Fasciola hepatica is a trematode that affects human and domestic ruminant health, causing significant economic losses in cattle estimated at US$2000 millon per year. Juvenile parasites migrating through the host tissues, as well as adults settle in the biliary ducts, are in contact with different cells from the immune system. Despite those interactions, the persistence of the parasite in the host for many years provides evidence of its ability to prevent or downmodulate the inflammatory response in the infection site. Different strategies have been developed by the parasite to prevent potential damage being induced by the immune response, thus allowing some parasites to reach the adult stage in a safe place such as the biliary ducts. In this review we discuss how excretory-secretory products (ESP) from F. hepatica can affect the functionality of pivotal immune cells, such as eosinophils and macrophages by inducing selective apoptosis pathways and alternative activation of macrophages. Furhermore, the modulatory effects of ESP on dendritic cell activation and lymphocyte proliferation is reviewed as a strategy to facilitate F. hepatica evasion of both innate and adaptive immunity.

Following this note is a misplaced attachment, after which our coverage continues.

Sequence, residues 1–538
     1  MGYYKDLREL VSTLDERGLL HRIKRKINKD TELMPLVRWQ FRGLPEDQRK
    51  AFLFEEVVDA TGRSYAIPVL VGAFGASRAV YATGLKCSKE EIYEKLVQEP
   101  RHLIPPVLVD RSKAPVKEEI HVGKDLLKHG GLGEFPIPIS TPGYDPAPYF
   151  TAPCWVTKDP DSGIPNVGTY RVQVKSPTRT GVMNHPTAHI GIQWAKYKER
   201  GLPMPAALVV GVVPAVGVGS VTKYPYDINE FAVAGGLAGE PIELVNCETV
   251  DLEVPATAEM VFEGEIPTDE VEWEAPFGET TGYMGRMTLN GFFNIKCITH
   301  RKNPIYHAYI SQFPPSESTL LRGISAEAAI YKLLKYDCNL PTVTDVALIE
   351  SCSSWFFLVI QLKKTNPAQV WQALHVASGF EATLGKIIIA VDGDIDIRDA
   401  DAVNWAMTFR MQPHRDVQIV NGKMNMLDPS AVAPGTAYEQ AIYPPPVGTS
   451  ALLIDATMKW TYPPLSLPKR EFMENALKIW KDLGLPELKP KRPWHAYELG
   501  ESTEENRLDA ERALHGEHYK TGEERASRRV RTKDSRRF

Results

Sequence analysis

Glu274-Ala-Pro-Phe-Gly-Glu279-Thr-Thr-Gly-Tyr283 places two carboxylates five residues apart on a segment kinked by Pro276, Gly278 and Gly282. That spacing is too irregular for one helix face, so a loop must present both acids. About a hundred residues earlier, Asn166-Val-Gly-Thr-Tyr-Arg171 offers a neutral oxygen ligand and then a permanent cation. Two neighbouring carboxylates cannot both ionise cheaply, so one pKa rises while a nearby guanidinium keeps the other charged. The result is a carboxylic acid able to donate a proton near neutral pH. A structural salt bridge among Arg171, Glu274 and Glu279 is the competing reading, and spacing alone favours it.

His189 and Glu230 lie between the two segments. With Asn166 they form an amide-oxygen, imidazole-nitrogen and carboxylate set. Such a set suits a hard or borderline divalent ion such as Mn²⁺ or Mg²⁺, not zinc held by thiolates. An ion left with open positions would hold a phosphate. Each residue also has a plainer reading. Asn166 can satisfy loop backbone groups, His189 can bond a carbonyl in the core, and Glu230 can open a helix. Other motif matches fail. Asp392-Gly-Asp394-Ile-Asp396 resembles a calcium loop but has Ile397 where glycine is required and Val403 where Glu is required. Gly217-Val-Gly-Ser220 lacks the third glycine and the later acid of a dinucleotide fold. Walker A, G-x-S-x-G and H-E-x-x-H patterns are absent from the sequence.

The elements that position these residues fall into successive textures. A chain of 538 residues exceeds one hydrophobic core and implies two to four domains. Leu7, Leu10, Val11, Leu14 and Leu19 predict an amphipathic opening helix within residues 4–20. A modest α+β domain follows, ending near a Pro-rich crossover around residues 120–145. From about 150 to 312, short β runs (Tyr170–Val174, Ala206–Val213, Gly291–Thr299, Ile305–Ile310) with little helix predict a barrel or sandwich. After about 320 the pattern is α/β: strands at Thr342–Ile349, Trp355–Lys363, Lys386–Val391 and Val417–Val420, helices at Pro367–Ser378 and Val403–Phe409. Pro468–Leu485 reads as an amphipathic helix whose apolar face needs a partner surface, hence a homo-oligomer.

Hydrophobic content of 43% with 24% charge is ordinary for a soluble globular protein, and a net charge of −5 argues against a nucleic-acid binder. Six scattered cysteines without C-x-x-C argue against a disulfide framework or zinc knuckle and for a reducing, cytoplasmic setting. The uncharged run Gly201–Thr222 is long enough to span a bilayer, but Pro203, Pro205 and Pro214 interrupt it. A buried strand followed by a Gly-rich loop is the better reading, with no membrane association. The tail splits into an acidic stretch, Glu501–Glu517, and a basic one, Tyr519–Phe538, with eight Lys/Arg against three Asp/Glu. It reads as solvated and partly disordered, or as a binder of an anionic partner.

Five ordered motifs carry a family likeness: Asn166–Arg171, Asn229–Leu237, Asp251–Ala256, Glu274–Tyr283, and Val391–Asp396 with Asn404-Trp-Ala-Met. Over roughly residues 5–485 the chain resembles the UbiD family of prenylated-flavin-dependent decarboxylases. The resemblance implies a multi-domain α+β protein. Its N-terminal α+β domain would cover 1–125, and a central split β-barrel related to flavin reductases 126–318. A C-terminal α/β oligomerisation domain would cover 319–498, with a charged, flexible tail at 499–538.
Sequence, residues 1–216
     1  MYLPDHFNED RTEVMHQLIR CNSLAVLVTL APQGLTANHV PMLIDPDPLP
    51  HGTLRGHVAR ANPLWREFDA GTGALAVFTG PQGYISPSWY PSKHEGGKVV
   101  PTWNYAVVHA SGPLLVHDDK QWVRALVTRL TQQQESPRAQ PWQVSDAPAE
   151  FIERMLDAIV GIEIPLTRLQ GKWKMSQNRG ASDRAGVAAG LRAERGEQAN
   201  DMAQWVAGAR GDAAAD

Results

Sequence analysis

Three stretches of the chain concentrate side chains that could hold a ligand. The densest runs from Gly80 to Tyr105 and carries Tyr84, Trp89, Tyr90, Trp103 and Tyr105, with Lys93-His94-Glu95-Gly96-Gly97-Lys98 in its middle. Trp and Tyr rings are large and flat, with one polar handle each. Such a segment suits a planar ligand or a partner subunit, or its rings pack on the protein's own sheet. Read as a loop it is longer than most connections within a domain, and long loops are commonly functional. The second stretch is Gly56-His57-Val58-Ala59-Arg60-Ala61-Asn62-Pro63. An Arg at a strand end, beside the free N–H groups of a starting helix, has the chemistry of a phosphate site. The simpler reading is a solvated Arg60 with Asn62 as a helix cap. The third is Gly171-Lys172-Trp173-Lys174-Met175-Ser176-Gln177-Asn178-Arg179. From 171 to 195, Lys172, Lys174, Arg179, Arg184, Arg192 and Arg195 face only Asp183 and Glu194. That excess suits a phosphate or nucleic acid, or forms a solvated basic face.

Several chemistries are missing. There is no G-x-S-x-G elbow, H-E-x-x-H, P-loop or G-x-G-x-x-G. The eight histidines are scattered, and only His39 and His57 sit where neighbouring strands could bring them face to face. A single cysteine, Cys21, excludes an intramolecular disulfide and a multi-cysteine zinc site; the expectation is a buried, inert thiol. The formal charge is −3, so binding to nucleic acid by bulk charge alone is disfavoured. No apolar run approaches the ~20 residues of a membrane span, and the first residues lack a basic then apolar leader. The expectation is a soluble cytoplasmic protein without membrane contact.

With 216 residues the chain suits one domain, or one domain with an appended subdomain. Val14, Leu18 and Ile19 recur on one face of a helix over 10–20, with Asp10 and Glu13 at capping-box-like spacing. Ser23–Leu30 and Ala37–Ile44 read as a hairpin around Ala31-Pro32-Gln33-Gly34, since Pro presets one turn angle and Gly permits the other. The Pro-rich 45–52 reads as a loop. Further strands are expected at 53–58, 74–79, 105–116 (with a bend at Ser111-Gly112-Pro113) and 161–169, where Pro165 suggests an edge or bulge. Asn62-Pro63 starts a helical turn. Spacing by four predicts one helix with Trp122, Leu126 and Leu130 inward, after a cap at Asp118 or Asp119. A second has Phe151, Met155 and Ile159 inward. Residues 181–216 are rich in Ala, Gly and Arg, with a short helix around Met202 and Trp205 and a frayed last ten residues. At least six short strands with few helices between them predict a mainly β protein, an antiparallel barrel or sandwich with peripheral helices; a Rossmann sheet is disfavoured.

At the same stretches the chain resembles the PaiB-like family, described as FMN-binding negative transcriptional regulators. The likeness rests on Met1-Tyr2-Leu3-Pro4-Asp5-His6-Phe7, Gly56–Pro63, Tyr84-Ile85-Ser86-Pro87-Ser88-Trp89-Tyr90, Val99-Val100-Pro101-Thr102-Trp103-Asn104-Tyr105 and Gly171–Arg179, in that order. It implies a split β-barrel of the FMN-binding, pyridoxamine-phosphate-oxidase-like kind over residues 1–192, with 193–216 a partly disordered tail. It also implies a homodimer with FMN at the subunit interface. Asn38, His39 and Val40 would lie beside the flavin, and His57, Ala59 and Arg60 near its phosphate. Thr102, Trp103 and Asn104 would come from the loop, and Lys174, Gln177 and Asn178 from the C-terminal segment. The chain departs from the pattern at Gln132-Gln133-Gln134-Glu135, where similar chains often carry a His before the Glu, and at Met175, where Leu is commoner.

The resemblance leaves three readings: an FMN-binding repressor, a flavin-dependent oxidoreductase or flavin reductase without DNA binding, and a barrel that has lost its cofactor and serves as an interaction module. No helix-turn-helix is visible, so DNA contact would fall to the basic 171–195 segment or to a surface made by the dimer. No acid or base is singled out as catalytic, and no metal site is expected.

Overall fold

Keywords: Fasciola hepatica, innate immunity, eosinophils, macrophages, dendritic cells, evasion mechanisms
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